As anyone who has ever gone through a break-up knows, whether it’s with a spouse in divorce or significant other in a relationship, equitable distribution is anything but equal. After you factor in depreciation in values, sentimentalities of objects, and other non-quantifiable criteria, what you believe something is worth may be vastly different than someone else’s valuation of the same thing. Everything has its price. But, how much will you be willing to spend to defend your position? What will it cost you in mediation or litigation to fight for that lamp? That coffee table? The marble chess set? Will it be worth it in the end?
The scenario is not unique from couple-to-couple. Whether it’s a car, family heirloom “worth thousands (of dollars)” or the wedding-gift china set that gets used once a year, most people place a higher value on the objects that have special meaning or memories for them. Unfortunately, the tussle over these objects in an attempt to achieve “equal” equitable distribution can cost more than the actual value of the objects themselves. To avoid the pitfall of delaying the process of your split by nickel-and-diming the value of every object on each side of the table, consider the following:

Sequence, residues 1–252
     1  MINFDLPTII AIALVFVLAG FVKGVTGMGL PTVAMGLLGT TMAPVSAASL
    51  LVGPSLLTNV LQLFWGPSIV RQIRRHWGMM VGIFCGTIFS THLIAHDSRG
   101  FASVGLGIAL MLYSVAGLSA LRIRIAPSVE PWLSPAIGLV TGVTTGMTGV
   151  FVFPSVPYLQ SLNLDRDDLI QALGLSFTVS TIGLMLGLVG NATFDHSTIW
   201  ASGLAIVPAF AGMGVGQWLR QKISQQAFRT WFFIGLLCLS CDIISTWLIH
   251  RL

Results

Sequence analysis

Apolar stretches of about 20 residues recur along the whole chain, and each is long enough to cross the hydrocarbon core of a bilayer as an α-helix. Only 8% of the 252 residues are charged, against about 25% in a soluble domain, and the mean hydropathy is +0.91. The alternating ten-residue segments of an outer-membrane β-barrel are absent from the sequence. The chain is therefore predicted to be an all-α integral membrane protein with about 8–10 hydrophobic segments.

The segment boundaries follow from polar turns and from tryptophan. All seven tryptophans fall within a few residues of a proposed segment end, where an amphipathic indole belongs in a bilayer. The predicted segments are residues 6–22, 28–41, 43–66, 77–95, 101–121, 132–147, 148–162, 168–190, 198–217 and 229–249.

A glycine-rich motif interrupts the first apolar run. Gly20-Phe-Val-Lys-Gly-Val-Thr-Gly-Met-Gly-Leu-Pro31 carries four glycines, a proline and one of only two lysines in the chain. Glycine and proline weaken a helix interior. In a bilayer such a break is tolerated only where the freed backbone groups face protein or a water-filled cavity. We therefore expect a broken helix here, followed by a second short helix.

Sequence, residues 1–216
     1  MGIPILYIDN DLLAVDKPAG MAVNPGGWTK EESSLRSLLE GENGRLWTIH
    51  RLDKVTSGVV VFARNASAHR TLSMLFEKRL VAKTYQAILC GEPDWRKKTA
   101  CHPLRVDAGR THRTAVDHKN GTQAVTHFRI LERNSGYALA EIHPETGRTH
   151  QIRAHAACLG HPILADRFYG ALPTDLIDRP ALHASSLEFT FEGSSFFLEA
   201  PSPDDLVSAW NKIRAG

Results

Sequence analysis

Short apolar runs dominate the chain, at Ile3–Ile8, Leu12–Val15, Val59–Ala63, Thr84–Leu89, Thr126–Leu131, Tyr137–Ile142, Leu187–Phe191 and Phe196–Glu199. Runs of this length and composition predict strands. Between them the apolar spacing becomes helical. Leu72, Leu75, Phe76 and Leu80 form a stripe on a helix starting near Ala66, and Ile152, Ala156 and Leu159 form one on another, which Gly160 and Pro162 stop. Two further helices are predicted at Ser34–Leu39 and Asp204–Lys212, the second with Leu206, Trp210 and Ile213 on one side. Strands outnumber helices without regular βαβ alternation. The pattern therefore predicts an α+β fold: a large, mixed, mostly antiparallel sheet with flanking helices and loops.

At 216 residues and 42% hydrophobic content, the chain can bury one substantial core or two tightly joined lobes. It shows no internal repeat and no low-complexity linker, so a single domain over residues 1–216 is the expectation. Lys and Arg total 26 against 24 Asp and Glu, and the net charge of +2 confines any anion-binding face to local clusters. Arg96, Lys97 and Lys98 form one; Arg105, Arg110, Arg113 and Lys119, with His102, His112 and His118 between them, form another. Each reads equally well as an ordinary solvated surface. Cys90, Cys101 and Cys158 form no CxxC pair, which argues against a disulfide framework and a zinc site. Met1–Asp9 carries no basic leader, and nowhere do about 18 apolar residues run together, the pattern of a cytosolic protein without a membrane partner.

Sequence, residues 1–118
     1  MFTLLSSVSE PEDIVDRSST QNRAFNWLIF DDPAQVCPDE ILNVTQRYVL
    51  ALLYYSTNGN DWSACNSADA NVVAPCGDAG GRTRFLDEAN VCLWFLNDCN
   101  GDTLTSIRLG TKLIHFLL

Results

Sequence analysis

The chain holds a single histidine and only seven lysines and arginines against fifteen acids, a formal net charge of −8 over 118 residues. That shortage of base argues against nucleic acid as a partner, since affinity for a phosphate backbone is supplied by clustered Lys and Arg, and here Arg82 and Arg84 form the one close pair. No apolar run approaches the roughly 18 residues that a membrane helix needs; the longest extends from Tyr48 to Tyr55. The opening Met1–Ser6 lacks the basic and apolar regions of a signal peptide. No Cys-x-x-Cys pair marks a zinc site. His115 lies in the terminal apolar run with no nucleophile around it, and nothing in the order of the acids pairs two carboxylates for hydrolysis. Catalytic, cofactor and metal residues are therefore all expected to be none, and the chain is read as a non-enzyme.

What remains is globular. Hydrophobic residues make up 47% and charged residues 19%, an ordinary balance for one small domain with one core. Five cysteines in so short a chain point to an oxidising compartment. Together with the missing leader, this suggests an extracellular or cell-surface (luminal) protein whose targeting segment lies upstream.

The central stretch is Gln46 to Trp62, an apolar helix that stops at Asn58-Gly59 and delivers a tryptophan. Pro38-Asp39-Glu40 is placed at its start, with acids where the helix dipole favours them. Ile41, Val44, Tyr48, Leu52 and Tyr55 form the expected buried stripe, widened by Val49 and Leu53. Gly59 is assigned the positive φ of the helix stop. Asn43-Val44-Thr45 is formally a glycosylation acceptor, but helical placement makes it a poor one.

- Do I really need it?
- Do I really want it, or, do I want it because the other person wants it?
- Could I buy another one for less than it will cost me to fight over it?
One approach to the equitable distribution process is to focus on your interest, not position, over the item. Rather than trying to equalize the distribution dollar-for-dollar, think about the items themselves and don’t worry if the other person is “getting more.” And difficult though it may be, it’s sometimes a good idea to walk-away and give-up on those battles that aren’t worth the effort and costs including $250 – $500/hour (or more) for paralegals, attorneys, and/or mediators to divvy-up your stuff. Remember: You win the moment you get out of the relationship completely, and that’s worth more than anything.
Diane L. Danois, J.D.
Florida Supreme Court Certified Family Law Mediator